What is it?
Visual Perception refers the brain’s ability to make sense of what the eyes see. This is not the same as visual acuity, which refers to how clearly a person sees (for example “20/20 vision”). A person can have 20/20 vision and still have problems with visual perceptual processing.
Why is visual perception important?
Good visual perceptual skills are important for many every day skills such as reading, writing, completing puzzles, cutting, drawing, completing math problems, dressing as well as many other skills. Without the ability to complete these every day tasks, a child’s self esteem can suffer and their academic performance is compromised.
What are the underlying skills required for visual perception?
- Sensory Processing: Accurate registration, interpretation and response to sensory stimulation in the environment and one’s own body.
- Visual Attention: The ability to focus on important visual information and filter out unimportant background information.
- Visual Discrimination: The ability to determine differences or similarities in objects based on size, colour, shape, etc.
- Visual Memory: The ability to recall visual traits of a form or object.
- Visual Spatial Relationships: Understanding the relationships of objects within the environment.
- Visual Sequential-Memory: The ability to recall a sequence of objects in the correct order.
- Visual Figure Ground: The ability to locate something in a busy background.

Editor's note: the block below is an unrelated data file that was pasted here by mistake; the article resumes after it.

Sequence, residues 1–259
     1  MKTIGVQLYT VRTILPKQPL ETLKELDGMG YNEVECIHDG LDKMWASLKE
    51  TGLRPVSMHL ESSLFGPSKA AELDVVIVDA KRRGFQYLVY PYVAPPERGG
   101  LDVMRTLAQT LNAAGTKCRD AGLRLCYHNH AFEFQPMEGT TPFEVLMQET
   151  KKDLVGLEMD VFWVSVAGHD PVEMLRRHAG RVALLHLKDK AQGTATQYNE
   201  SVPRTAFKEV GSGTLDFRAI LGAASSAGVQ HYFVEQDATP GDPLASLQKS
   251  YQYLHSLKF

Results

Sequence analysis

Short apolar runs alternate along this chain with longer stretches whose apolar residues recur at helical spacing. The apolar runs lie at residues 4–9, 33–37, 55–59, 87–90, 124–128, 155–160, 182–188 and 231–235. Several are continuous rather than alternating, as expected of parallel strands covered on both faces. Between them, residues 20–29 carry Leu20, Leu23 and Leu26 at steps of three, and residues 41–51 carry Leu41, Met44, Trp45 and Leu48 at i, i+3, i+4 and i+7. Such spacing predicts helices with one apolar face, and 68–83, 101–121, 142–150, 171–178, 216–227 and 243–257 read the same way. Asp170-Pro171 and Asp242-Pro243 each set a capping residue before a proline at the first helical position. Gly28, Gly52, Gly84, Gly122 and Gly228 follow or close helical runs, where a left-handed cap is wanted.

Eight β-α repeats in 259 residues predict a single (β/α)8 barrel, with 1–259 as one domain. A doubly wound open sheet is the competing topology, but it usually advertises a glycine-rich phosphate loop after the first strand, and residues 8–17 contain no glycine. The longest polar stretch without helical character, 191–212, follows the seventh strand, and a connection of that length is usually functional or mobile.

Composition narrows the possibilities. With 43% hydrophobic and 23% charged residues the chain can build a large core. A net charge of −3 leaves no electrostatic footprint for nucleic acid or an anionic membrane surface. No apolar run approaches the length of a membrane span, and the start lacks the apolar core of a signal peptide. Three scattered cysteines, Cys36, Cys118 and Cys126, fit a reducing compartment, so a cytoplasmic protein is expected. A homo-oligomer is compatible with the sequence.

- Visual Form Constancy: The ability to know that a form or shape is the same, even if it has been made smaller/larger or has been turned around.
- Visual Closure: The ability to recognise a form or object when part of the picture is missing.
How can you tell if a child has difficulties with their visual perception skills?
- The child has trouble completing puzzles, mazes or dot to dots.
- The child may have difficulty planning actions in relation to objects around him/her.
- The child has difficulty with spatial concepts such as “in, out, on, under, next to, up, down, in front of.”
- The child has difficulty differentiating between “b, d, p, q;”
- The child is noted to reverses numbers or letters when writing.
- The child often looses their place on a page when reading or writing.
- The child has difficulty remembering left and right.
- The child can forgets where to start reading.
- The child has difficulties sequencing letters or numbers in words or math problems.
- The child has trouble remembering the alphabet in sequence,
- Thye child has difficulty coping from one place to another (e.g. from board, from book, from one side of the paper to the other).
- The child has problems in dressing (i.e. matching shoes or socks).
- The child may have Ha trouble discriminating between size of letters and objects.
- The child has trouble remembering sight words.
- The child has difficulty completing partially drawn pictures or stencils.
- The child has difficulty attending to a word on a printed page due to his/her inability to block out other words around it.
- The child has difficulty filtering out visual distractions such as colourful bulletin boards or movement in the room in order to attend to the task at hand.
- The child has trouble sorting and organizing personal belongings e.g. may appear disorganised or careless in work.
- The child has difficulty with hidden picture activities or finding a specific item in a cluttered desk.
When you see difficulties with visual perception, you might also see difficulties with: